110, 150, 520... These chilling statistics are the number of deaths attributable to particulate air pollution for the cities of Southampton, Nottingham and Birmingham in 2010 respectively. Or how about 40,000 - that is the total number of UK deaths per year that are attributable the combined effects of particulate matter (PM2.5) and Nitrogen Oxides (NOx).

This situation sucks, to say the very least. But while there are no dramatic images to stir up action, these deaths are preventable and we know their cause. Road traffic is the worst culprit. Traffic is responsible for 80 per cent of NOx on high pollution roads, with diesel engines contributing the bulk of the problem.

Now a new report by ResPublica has compiled a list of ways that city councils around the UK can help. The report argues that: “The onus is on cities to create plans that can meet the health and economic challenge within a short time-frame, and identify what they need from national government to do so.”

This is a diplomatic way of saying that current government action on the subject does not go far enough – and that cities must help prod them into gear. That includes poking holes in the government’s proposed plans for new “Clean Air Zones”.

Here are just five of the ways the report suggests letting the light in and the pollution out:

1. Clean up the draft Clean Air Zones framework

Last October, the government set out its draft plans for new Clean Air Zones in the UK’s five most polluted cities, Birmingham, Derby, Leeds, Nottingham and Southampton (excluding London - where other plans are afoot). These zones will charge “polluting” vehicles to enter and can be implemented with varying levels of intensity, with three options that include cars and one that does not.

But the report argues that there is still too much potential for polluters to play dirty with the rules. Car-charging zones must be mandatory for all cities that breach the current EU standards, the report argues (not just the suggested five). Otherwise national operators who own fleets of vehicles could simply relocate outdated buses or taxis to places where they don’t have to pay.  

Different vehicles should fall under the same rules, the report added. Otherwise, taking your car rather than the bus could suddenly seem like the cost-saving option.

2. Vouchers to vouch-safe the project’s success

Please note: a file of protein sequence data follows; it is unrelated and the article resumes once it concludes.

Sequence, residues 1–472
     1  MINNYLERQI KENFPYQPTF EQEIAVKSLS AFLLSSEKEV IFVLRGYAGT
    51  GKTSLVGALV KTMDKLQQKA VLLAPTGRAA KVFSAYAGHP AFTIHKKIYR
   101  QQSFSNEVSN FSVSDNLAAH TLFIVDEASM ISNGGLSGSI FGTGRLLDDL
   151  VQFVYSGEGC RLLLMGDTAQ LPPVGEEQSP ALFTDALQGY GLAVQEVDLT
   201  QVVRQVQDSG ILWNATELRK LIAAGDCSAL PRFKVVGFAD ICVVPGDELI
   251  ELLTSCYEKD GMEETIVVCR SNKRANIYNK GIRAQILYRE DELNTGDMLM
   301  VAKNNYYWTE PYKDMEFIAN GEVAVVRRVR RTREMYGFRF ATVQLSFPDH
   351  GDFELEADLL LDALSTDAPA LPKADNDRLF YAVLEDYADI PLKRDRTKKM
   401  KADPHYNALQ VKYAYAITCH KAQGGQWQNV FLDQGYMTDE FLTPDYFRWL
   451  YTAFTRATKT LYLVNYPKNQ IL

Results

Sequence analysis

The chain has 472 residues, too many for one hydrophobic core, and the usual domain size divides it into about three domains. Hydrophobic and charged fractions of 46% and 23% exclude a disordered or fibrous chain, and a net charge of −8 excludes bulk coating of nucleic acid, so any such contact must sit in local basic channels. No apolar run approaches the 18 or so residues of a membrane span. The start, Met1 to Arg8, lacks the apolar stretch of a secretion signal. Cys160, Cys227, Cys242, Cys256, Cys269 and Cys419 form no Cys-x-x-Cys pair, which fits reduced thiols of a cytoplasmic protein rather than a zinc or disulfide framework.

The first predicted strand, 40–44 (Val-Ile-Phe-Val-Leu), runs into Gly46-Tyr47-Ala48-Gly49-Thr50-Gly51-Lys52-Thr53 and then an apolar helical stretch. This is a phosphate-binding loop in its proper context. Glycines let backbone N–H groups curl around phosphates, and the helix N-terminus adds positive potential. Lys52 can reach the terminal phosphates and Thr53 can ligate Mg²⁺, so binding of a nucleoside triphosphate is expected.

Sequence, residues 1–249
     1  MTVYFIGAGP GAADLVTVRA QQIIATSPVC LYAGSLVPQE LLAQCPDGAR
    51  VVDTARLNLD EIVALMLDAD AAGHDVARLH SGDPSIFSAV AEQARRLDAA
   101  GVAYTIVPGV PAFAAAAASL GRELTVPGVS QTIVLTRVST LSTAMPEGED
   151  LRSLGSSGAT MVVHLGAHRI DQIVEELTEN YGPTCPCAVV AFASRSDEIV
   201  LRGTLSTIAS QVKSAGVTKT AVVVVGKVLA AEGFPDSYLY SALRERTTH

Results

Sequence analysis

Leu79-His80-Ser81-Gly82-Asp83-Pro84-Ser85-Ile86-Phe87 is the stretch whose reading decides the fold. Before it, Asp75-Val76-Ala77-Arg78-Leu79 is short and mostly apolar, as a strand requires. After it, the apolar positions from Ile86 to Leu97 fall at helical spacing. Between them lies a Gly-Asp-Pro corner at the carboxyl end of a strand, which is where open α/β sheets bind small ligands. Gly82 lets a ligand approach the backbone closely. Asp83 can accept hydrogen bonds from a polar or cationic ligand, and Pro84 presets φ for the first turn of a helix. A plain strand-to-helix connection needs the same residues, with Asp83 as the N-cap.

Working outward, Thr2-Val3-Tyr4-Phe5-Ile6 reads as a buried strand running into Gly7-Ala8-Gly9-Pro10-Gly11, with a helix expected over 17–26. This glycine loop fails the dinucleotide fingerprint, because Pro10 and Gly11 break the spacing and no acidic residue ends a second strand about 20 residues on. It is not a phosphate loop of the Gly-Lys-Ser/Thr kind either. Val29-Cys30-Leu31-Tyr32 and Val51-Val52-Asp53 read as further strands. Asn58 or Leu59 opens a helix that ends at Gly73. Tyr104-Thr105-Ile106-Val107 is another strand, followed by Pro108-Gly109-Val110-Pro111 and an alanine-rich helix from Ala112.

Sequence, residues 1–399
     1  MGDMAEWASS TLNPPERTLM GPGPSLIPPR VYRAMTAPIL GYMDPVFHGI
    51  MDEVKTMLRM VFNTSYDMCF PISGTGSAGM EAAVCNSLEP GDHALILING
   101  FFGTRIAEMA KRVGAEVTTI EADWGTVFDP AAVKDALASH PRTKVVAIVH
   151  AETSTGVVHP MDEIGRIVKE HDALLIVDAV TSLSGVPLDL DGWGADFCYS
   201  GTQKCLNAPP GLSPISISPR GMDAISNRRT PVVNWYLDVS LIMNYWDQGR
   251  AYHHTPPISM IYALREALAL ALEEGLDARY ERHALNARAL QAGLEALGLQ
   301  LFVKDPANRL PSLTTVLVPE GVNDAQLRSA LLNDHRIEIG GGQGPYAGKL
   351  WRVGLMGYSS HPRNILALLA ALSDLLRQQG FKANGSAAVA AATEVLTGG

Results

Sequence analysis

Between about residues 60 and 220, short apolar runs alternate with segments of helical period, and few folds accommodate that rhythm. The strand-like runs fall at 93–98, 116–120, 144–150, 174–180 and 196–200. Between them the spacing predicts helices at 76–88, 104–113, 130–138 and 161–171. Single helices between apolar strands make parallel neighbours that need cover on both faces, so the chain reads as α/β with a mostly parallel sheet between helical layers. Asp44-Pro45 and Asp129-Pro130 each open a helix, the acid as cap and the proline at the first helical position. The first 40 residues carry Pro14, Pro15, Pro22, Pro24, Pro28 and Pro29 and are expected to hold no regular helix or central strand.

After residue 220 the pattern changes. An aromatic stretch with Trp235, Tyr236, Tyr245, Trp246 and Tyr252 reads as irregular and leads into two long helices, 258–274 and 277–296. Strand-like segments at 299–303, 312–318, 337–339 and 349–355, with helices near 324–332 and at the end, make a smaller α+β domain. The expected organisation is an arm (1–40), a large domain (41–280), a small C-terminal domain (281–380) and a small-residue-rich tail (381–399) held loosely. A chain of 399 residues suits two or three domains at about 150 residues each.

The government is exploring a scrappage scheme for diesel cars, to help get the worst and oldest polluting vehicles off the road. But as the report points out, blanket scrappage could simply put a whole load of new fossil-fuel cars on the road.

Instead, ResPublica suggests using the revenue from the Clean Air Zone charges, plus hiked vehicle registration fees, to create “Pollution Reduction Vouchers”.

Low-income households with older cars, that would be liable to charging, could then use the vouchers to help secure alternative transport, buy a new and compliant car, or retrofit their existing vehicle with new technology.

3. Extend Vehicle Excise Duty

Vehicle Excise Duty is currently only tiered by how much CO2 pollution a car creates for the first year. After that it becomes a flat rate for all cars under £40,000. The report suggests changing this so that the most polluting vehicles for CO2, NOx and PM2.5 continue to pay higher rates throughout their life span.

For ClientEarth CEO James Thornton, changes to vehicle excise duty are key to moving people onto cleaner modes of transport: “We need a network of clean air zones to keep the most polluting diesel vehicles from the most polluted parts of our towns and cities and incentives such as a targeted scrappage scheme and changes to vehicle excise duty to move people onto cleaner modes of transport.”

4. Repurposed car parks

You would think city bosses would want less cars in the centre of town. But while less cars is good news for oxygen-breathers, it is bad news for city budgets reliant on parking charges. But using car parks to tap into new revenue from property development and joint ventures could help cities reverse this thinking.

5. Prioritise public awareness

Charge zones can be understandably unpopular. In 2008, a referendum in Manchester defeated the idea of congestion charging. So a big effort is needed to raise public awareness of the health crisis our roads have caused. Metro mayors should outline pollution plans in their manifestos, the report suggests. And cities can take advantage of their existing assets. For example in London there are plans to use electronics in the Underground to update travellers on the air pollution levels.

***

Change is already in the air. Southampton has used money from the Local Sustainable Travel Fund to run a successful messaging campaign. And in 2011 Nottingham City Council became the first city to implement a Workplace Parking levy – a scheme which has raised £35.3m to help extend its tram system, upgrade the station and purchase electric buses.

But many more “air necessities” are needed before we can forget about pollution’s worry and its strife.  

 

India Bourke is an environment writer and editorial assistant at the New Statesman.